Sept. 28 (Bloomberg) -- The rate at which London-based banks say they can borrow for three months in dollars rose for a 14th day, reaching the highest level since August 2010.
The London interbank offered rate, or Libor, for dollar loans rose to 0.36856 percent from 0.36522 percent yesterday, according to data from the British Bankers’ Association. That’s the highest since Aug. 13, 2010.
The dollar Libor-OIS spread, a gauge of banks’ reluctance to lend, was at 27.96 basis points at 11:53 a.m. in London, from 27.82 yesterday. The spread reached 28.95 basis points on Sept. 19, the widest on a closing-price basis since July 27, 2010, according to data compiled by Bloomberg.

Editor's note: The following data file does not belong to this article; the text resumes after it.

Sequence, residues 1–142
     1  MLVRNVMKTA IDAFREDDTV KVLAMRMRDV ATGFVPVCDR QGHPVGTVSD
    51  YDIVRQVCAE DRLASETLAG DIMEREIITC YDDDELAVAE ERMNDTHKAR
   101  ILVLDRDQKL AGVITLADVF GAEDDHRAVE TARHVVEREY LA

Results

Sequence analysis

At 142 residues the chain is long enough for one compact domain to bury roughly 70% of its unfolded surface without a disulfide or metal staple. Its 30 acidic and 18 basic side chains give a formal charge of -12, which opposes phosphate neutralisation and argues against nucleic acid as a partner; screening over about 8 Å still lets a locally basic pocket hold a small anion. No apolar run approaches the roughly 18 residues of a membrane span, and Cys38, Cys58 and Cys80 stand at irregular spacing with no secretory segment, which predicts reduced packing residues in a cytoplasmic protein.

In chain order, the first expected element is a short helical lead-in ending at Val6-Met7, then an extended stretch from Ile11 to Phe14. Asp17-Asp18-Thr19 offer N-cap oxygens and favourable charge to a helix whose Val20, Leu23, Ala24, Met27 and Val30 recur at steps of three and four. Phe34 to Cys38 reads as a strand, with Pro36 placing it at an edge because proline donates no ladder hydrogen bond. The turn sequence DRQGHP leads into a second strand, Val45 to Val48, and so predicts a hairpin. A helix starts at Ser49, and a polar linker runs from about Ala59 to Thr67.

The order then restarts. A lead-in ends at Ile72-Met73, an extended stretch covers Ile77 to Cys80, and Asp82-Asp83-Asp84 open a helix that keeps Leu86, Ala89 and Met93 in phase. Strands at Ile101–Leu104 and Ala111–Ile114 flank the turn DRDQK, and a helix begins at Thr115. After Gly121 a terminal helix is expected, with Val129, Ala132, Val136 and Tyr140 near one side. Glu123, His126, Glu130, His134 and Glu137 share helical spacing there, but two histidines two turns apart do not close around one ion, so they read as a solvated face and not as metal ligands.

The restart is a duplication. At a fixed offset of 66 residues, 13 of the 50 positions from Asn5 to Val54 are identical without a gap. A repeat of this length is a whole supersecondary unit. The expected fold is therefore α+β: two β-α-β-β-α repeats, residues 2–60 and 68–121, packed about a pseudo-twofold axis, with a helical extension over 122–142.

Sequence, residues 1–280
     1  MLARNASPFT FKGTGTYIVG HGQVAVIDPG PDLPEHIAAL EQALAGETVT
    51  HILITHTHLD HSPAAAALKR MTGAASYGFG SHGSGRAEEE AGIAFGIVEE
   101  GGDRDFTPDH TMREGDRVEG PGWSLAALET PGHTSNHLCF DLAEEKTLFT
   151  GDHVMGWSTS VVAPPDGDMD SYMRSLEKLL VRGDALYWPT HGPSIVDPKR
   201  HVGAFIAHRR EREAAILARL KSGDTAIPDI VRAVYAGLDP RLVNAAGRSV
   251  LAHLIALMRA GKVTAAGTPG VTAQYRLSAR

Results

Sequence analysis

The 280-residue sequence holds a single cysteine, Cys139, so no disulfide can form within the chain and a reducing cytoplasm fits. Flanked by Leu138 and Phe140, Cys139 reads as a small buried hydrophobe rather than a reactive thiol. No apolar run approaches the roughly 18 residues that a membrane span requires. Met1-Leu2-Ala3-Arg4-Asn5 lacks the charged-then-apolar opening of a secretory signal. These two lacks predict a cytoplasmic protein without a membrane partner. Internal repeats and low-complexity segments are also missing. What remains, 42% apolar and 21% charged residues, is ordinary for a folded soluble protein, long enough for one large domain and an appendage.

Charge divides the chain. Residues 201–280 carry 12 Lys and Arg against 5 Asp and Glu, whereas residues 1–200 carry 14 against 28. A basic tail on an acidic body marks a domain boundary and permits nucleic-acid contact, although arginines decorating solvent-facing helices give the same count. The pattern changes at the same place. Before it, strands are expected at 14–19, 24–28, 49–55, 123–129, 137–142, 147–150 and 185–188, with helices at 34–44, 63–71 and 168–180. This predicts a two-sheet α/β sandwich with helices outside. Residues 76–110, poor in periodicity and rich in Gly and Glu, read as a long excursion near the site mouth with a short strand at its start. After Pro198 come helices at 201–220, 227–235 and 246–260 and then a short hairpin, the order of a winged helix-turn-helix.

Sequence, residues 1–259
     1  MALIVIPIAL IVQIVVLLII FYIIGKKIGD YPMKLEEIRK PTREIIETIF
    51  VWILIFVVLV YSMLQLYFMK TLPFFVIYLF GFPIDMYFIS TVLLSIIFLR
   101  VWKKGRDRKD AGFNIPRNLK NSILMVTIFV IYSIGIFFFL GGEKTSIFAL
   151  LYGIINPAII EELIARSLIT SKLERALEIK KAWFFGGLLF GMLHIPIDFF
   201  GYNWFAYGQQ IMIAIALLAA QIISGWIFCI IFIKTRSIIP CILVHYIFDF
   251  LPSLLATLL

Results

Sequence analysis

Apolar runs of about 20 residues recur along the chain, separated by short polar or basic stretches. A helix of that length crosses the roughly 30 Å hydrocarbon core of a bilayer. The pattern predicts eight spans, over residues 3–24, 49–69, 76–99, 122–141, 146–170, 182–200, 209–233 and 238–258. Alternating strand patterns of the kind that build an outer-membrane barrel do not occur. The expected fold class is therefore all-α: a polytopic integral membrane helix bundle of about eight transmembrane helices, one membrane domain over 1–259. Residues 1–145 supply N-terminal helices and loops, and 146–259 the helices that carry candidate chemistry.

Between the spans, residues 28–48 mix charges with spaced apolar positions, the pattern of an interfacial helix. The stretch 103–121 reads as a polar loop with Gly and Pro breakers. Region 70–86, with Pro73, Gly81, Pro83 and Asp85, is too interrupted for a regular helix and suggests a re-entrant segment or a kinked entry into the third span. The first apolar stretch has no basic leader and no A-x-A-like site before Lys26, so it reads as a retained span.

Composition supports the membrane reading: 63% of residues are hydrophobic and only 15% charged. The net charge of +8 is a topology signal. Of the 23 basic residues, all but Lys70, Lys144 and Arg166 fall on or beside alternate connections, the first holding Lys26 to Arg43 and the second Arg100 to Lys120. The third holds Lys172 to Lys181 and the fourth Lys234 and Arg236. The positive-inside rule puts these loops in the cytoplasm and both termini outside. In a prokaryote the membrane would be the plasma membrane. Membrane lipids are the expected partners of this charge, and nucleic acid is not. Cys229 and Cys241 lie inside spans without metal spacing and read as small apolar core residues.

The TED spread, or the difference between what lenders and the U.S. government pay to borrow for three months, widened to 35.84 basis points from 35.51 basis points yesterday.
--Editors: Nicholas Reynolds
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